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11. 2015 Zena Sutherland Lecture by Jack Gantos

GantosSuttonPlease join us for the 2015 Zena Sutherland Lecture, “A Pair of Jacks to Open,” with Jack Gantos. Friday May 1, Harold Washington Library in Chicago, 7:30PM. The lecture is free but tickets are required.


The post 2015 Zena Sutherland Lecture by Jack Gantos appeared first on The Horn Book.

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12. University of Georgia Press to Launch the Crux Series

University of Georgia Press LogoThe University of Georgia Press plans to launch a new literary nonfiction series called CruxJohn Griswold will serve as the editor for this project.

The editorial team plans to publish two to four titles for this series every year. The list kicks off with the release of Debra Monroe’s memoir My Unsentimental Education. The publication date has been scheduled for October 2015.

Here’s more from the press release: “Named for intersections, and for the heart of the matter, this series will publish literary nonfiction by diverse writers working in a variety of modes, including personal and lyric essay, memoir, cultural meditation, and literary journalism. Books are intended for general readers, including writers, teachers of writing, and students, and will be both intelligent and accessible. Engagement with the world, dedication to craft, precision, and playfulness with form and language are valued. As the series develops, it will include non-American writers and experiences.”

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13. Happy April 1st! April 2015 Desktop calendar

With the last bits of snow gradually melting away on the odd warm-ish day of these crazy Canadian (fluctuating) temps, our backyard rink has been appropriately  renamed "the pool". In the garden the first daffodil sprouts  have started popping up. Spring is here- yay! 
I thought a Spring-y desktop calendar was just right for this month. This spot illo comes from a spread in Skink on the Brink where Stewie travels through the changing seasons from his home pond to a far away pond.  Along the way he also changes in colour from a juvenile black skink (with an amazing blue tail) to a grey adult skink. 
To download this desktop calendar, please click on the screen resolutions above then right-click on " save to desktop" to download.

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14. Social Media Etiquette

What not to do when using social media.

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15. Meet Children’s Author Melissa Abramovitz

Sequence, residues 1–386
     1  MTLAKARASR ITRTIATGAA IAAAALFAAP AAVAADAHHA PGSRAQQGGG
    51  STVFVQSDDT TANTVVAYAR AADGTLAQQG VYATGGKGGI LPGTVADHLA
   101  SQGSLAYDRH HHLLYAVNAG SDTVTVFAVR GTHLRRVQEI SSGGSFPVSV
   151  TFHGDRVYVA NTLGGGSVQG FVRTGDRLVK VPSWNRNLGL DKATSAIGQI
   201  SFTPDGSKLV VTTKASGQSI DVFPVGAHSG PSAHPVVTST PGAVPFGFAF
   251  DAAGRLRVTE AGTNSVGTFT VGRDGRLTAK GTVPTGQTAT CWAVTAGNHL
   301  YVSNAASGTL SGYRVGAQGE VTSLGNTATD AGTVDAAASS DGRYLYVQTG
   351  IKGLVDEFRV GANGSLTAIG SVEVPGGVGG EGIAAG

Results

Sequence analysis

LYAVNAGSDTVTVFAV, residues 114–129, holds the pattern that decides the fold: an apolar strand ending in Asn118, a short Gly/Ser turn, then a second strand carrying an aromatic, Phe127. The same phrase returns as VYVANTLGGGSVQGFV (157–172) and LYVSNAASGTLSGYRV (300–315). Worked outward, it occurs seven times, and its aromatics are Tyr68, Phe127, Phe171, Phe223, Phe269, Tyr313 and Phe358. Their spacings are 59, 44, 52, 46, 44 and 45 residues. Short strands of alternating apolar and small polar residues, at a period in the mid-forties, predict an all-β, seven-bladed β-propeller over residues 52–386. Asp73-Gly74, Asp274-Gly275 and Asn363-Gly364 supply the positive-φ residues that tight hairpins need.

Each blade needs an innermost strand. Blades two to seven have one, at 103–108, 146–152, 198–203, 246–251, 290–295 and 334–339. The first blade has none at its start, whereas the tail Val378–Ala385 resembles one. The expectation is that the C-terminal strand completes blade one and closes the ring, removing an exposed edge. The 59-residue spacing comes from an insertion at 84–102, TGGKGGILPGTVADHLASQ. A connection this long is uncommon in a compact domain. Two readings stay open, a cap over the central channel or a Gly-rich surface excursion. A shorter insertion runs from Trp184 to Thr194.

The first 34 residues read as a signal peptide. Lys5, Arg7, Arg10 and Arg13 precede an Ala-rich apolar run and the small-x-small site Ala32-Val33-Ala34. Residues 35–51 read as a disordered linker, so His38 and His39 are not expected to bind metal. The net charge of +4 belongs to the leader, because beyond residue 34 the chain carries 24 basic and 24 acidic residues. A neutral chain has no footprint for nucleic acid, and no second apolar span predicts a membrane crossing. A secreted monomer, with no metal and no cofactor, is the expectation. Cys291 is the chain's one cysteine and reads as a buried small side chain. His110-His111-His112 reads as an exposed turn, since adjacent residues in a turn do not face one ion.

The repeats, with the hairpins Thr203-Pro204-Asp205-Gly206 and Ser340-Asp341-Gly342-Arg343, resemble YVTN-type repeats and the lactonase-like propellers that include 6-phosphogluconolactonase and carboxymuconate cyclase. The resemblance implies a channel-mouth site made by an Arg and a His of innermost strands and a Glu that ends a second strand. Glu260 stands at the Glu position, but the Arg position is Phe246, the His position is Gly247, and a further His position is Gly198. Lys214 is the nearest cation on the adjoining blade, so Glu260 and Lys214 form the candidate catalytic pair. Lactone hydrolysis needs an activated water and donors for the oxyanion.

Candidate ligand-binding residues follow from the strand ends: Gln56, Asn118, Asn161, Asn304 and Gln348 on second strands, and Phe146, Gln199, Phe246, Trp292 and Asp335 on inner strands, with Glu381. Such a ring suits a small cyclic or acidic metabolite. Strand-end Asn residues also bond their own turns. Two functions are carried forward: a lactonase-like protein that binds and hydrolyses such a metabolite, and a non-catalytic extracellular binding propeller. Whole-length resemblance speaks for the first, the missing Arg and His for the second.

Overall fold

melissaMelissa Abramovitz has been a freelance writer for nearly 30 years and specializes in writing nonfiction magazine articles and books for all age groups. She is the author of hundreds of magazine articles, more than 40 educational books for children and teenagers, numerous poems and short stories, several children’s picture books, and a book for writers titled, A Treasure Trove of Opportunity: How to Write and Sell Articles for Children’s Magazines.

Melissa also does freelance manuscript editing. She is a graduate of the University of California San Diego and the Institute of Children’s Literature and is a member of SCBWI, Children’s Book Insider, and The Working Writer’s Club.

Visit her website at www.melissaabramovitz.com

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16. Nicole Krauss Lands $4 Million Book Deal

Nicole KraussWriter Nicole Krauss has inked a two-book deal with Harper.

Executive editor Terry Karten handled the acquisition of these two manuscripts. Gawker.com reports Krauss signed a $4 million contract.

According to Bookforum Magazine, Krauss plans to write “a searching and metaphysical novel about transformation” entitled Late Wonder and “a book of stories” called How to Be a Man. This new projects mark Krauss’ departure from her longtime publisher, W. W. Norton & Company. (Photo Credit: Patric Shaw)

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17. April Fools' Day

April has arrived! It’s time to tell jokes and play tricks on your friends and family. Here are some books to tickle your funny bone. 

Picture Books

Joke Books

Posted by Miss Meghan 

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18. Have paintbrush, will travel